Choosing the best safari area

Southern and East Africa is a huge area. Each safari area offers a different sort of game viewing experience. Here, briefly, are a few of the best choices, to help you make your decision.

Kruger National Park, South Africa

(Experience: the Big 5, very close up.)

Here the Big 5 are the attraction, from leopards to cheetah to hippo to elephants and virtually everything in between. South Africa’s jewel, this is a mixed woodland area, offering close-up viewing of all the species that we so love to see and photograph. Any iconic animal you may miss in other areas, well, you’ll be 95% assured of seeing it here. Game viewing is either in open-sided game drive vehicles or / and on foot. Choose a guided tour; you'll see so much more. You can come upon almost anything around the next curve in the road - and very often do. Game viewing is outstanding all year through. Lodges are mostly all electrified, and they are easy to reach. (Be aware: the nasty, callous practice of canned lion hunting is still legal in SA. Read about it here.)

The Okavango Delta, Botswana

(Experience: an ecological jewel with great wildlife.)

This is a shallow water wonderland, a rare inland delta in what is essentially an arid country, Botswana. The animals all come to drink here, so game viewing is very good. In all probability you will get to see elephants, a large variety of antelope, lions, hippo, crocodiles, wonderful water birds and more. The scenery is immensely beautiful. Game viewing is mostly water-based: from dug-out canoes, which is a special experience other regions can’t offer. It’s quiet here. You get a strong sense of being an element within the wilderness - and indeed you are, because this is such a non-intrusive way of viewing. Land (vehicle) viewing is also possible at some lodges. Water levels are highest in June to October. Many lodges are off the grid, and only accessible by air taxi.

Chobe Game Reserve, Botswana

(Experience: abundant elephant herds.)

To see great herds of elephants, you go to the Chobe area of Botswana. It is magical to sit and watch large family herds of elephants going about their business. Geographically, the area is rather flat, being a flood plain, and the Chobe River winds lazily through it. The elephants visit the river daily, making it among the best elephant viewing south of the equator. Another great plus for Chobe is that one of the planet’s greatest natural wonders, Victoria Falls, is on the doorstep. And one more reason to love Botswana: there is no hunting allowed in Botswana. At all. Go Botswana!

Luangwa Valley, Zambia

(Experience: Africa up close and very personal.)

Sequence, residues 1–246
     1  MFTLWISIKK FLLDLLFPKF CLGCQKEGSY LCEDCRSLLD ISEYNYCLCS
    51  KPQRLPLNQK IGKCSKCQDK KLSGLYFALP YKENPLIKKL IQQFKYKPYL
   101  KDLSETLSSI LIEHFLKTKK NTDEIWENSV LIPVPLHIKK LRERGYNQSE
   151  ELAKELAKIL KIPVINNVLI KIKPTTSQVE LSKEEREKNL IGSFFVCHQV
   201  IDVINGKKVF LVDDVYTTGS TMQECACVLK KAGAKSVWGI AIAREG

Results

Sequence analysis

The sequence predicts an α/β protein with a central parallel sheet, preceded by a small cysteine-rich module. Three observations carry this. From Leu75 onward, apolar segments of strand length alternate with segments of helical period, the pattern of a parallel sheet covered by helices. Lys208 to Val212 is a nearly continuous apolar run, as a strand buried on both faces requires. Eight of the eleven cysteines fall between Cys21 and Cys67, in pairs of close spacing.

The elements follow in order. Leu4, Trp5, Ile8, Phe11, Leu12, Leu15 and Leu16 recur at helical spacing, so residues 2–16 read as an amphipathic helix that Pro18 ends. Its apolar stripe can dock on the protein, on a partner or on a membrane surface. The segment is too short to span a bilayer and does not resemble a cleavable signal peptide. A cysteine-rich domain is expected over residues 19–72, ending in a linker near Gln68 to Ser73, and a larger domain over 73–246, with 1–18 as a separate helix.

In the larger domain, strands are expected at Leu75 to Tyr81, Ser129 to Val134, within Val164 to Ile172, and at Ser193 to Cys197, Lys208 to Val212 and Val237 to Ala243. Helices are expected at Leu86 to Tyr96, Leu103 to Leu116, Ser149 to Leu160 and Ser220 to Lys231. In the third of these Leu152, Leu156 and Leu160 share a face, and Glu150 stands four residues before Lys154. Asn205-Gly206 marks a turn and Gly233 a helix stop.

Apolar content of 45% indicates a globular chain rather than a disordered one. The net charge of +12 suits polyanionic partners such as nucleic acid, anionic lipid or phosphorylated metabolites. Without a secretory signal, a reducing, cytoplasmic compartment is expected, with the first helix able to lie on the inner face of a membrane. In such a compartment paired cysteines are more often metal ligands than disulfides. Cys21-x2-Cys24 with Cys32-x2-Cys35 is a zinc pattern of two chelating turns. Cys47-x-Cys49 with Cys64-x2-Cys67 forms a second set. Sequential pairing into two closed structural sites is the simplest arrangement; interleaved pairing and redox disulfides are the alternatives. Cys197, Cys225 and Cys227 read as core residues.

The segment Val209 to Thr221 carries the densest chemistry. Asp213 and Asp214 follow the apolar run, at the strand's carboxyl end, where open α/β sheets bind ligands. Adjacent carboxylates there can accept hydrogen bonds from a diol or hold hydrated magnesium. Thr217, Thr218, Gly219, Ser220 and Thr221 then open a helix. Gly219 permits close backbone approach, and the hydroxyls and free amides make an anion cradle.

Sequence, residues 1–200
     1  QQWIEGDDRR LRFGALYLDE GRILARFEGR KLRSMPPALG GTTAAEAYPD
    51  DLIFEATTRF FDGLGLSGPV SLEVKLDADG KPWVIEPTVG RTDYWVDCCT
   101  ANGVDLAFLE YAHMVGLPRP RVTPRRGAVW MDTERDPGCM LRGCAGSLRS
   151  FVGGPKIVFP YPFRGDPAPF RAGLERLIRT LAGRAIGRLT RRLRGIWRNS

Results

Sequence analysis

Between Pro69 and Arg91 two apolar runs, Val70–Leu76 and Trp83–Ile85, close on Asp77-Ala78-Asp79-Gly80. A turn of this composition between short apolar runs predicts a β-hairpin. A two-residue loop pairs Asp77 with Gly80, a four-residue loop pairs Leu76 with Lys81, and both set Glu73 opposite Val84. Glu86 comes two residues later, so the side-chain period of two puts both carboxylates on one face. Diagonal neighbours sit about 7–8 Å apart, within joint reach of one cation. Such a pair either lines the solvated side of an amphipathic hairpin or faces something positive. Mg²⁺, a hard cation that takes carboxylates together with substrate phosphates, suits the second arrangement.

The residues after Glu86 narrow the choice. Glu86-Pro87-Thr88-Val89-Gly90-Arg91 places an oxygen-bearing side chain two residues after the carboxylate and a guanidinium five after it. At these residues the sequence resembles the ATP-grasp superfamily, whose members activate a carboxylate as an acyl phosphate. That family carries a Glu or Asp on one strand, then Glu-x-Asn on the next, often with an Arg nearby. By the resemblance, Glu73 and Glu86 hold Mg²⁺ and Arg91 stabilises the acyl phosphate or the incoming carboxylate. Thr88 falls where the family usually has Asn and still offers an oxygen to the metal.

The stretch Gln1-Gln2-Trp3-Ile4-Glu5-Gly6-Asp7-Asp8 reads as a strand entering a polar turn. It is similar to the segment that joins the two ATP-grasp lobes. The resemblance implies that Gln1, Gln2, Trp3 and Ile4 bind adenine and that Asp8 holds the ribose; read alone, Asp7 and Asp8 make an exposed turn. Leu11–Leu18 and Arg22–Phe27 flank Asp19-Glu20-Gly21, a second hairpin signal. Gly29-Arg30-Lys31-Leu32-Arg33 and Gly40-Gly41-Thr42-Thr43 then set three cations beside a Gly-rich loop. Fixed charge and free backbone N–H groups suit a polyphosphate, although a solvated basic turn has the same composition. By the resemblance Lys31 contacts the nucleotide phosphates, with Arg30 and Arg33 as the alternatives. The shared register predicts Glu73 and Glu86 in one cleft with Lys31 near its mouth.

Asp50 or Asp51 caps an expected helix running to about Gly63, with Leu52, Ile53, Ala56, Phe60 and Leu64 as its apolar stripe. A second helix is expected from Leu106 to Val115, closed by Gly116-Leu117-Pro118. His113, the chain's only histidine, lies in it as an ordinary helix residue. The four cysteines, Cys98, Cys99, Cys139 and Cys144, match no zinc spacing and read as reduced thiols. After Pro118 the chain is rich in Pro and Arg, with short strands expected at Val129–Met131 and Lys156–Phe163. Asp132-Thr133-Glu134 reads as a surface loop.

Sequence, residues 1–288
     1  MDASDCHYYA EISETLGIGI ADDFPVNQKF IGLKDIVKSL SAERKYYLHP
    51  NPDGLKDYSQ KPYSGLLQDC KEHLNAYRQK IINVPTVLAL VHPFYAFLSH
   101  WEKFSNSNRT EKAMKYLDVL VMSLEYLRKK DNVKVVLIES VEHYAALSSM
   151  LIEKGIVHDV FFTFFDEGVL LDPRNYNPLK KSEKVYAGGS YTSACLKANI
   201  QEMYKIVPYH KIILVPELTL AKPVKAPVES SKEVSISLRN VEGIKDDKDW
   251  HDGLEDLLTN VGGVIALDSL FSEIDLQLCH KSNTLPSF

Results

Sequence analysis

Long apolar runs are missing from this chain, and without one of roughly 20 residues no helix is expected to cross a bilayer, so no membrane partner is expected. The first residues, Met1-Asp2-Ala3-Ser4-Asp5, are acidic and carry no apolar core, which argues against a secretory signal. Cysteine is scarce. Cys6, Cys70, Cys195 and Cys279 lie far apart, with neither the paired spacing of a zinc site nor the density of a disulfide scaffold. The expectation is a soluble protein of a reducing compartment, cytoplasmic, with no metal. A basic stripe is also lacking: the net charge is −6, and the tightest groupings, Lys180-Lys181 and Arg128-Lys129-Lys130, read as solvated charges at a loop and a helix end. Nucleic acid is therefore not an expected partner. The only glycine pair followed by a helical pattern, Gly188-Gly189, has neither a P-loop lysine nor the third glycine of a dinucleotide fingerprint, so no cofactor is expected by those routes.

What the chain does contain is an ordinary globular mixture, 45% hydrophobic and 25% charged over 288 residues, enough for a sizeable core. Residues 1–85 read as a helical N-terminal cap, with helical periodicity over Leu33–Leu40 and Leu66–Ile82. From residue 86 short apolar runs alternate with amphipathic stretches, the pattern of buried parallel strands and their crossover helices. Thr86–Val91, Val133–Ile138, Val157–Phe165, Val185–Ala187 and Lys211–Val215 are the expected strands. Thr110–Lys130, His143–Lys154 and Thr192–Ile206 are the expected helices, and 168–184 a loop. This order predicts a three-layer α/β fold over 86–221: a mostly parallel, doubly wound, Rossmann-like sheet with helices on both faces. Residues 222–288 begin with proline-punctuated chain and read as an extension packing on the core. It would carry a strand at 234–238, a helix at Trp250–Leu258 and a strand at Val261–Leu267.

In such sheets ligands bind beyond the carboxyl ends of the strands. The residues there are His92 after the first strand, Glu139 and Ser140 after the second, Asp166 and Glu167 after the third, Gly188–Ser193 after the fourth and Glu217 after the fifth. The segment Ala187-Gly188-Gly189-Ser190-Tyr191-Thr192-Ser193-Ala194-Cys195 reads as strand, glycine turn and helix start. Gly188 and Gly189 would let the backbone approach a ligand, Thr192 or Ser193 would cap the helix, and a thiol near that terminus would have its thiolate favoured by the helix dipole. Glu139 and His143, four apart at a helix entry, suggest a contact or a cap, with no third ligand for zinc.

Let’s explore! says the promo material about Zambia. It’s right on the button, for this is an explorer's paradise. The South Luangwa is the area that put proper walking safaris on the map, led by some of the legendary safari guides. The walking safari has legions of fans worldwide and there's arguably no place better known for it. But we're not talking marathon sports here, simply ... well ... just walking. Using your legs to get around. So, if you love the idea of getting close to the 'real' Africa by touching it, hearing it and taking the time to really, really look at it close-up, this is the one. An entirely bewitching experience. And the area is teeming with wildlife, including the Big 5.

The Serengeti & Maasai Mara, Tanzania & Kenya

(Experience: ancient force of nature on epic scale.)

Think big here. An endless, huge canvas of nature unspoiled, ancient. Karen Blixen's Africa. Imagine massive, shimmering vistas, long horizons, and enormous herds of wild animals crossing the landscape. These are two of the last places on earth to see the migration of millions of wildebeest and zebras are. The trick is to ensure being in the best possible place to view the action. Serengeti is good for 9 top months of viewing, the Maasai Mara a bit shorter. Unforgettable.

Etosha, Namibia

(Experience: all the wildlife, all in your own time.)

This game reserve in Namibia is even bigger than Kruger - but this is not an obstacle to good game viewing. All the wildlife is concentrated around specific waterholes, or pans. This makes game viewing relatively easy. The Etosha pan is a massive dry lakebed which, for most of the year, is dry and coated with salt. The surrounding savannah is home to the Big 5 and much much more. In essence, spending time at the waterholes means spending time watching the animals. Locals do it on their own; unguided. We suggest going with a good tour operator for best results if you're not a local. (It's fun!) Game viewing is good all year through; it gets very hot in mid-summer.

Mana Pools & Matusadona, Zimbabwe

(Experience: some of the best safari guides in Africa.)

Zimbabwe is a contradiction, mainly because of politics. On one hand, it is bursting with unspoiled wildlife areas, and the Big 5. It’s a natural paradise offering all the wildlife it’s possible to see in Africa, and not only that, it has arguably the finest game rangers in Africa. And it has the magnificent Victoria Falls. There are pristine wilderness areas where you find truly enriching African safari experience thanks to some of the finest guiding possible. Do game drives, guided walking trails, viewing by boat or canoe - it's all on offer, and the quality is way up there. On the other hand, due to a lack of infrastructure, getting there is a bit bumpy if you don't fly in. Oh, and the government still allows hunting in the some of its National Parks. Like South Africa.


Marianne Birrell Safaris ~ different area, different safari. You choose.